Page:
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B.8.2 Freemasonry in France

The history of Freemasonry in France is complicated by the fact that for over 150 years Grand lodges, Chapters, Rites and Orders, as well as Councils, united, divided, vanished, and revived again. Here too, basically, “Ancient Masonry” consists of three grades: “Entered Apprentices”, “Fellow Craft” and “Master Mason” that includes the “Supreme Order of the Royal Arch”. However, so-called “Higher Degrees” (34 quasi-Masonic Orders and 26 Orders admitting men and women for a total of about 1400 degrees) have appeared at one time or the other, and most are still alive.

The majority of all these Higher Degrees, especially those created during the Age of Enlightenment, are based on the virtues of Chivalry, and on legend like the link between Freemasons and Knights Templar. Obviously high sounding titles appealed to the elitist French Masonry. They are known as “degrés ou Grades Ecossais” although they have nothing to do with Scotland. They have been introduced by Ramsay who claimed that Freemasonry started as a chivalric Order before moving from France to Scotland in the fourteenth century, to reappear again in 1717. Initially they were independent of each other, but the Grand Lodge of France put some order into them in 1760.

In 1761 Stephen Morin was made “Grand Inspector in all Parts of the New World” with the order to create there as many lodges as possible in order to “multiply the Royal Order of Masonry in all the Perfect and Sublime Degrees”. What was to become the “Ancient and Accepted Scottish Rite” had found its way to North America. German Freemasons developed many Masonic rites based on alchemy, hermeticism, and the Templar myth. As in France they included the ideals of chivalry; as an example we can mention the Rite of Strict Observance created by Baron von Hund in 1755. Those exotic rites attracted speculative philosophers, occult adventurers like Joseph Balsamo known as Count Cagliostro, and others initiated quasi-Masonic secrets political societies such as the “Order of the Illuminati” in Bavaria.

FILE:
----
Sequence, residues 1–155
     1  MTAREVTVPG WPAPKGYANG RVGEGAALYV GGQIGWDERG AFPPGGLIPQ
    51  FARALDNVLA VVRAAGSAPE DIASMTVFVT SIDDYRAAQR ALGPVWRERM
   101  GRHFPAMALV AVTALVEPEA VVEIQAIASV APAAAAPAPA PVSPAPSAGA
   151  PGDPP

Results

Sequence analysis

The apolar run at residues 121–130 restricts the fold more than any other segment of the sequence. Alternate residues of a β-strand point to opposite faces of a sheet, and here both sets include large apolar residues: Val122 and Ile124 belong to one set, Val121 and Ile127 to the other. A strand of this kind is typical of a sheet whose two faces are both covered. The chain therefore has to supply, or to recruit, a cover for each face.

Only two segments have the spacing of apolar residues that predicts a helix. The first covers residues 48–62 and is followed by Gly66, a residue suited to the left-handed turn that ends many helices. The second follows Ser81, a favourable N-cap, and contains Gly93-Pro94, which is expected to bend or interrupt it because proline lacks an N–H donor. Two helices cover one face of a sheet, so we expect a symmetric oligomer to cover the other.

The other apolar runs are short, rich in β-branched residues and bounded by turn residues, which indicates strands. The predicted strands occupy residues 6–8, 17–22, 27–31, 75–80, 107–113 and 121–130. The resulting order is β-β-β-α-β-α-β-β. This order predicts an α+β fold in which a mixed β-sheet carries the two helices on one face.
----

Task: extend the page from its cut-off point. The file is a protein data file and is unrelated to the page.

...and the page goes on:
Freemasonry was well established in France at the start of the 1789 revolution, but it had practically disappeared by 1793-94 during the “Terror”. Dr. Joseph Guillotin, an active Freemason and a friend of Benjamin Franklin, invented the guillotine as a mean to ensure that death for capital punishment should be as quick and as painless as possible. With Napoleon came twenty years of war, and of mixed fortune for the Craft. It was banned in Austria and Russia, but it grew in the rest of Western Europe to bring Brotherly Love, Relief and Truth to many people.

In 1877 the Grand Orient was founded to reflect the anti-clerical and anti-religious feelings of the time, and Masonic candidates did not have to profess to believe in the Supreme Being. All references to God and the bible were taken out from its Constitution and Rituals. This allowed unbelievers, atheists and freethinkers to join the Grand Orient, and the organisation involved itself in politics and social policy. As a result the other national Grand Lodges cast the Grand Orient out of the Masonic world.

Since 1804 there had been a Supreme Council 33° for Scottish Rite Masonry in France. Being unhappy with the Grand Orient it set up a Grand Lodge of France in 1880 but, as it did not follow exactly the Masonic rituals, it was not, and it remains, unrecognised internationally. Regular Freemasonry did not exist anymore in France until 1913 when the National Grand Lodge of France was created. (9)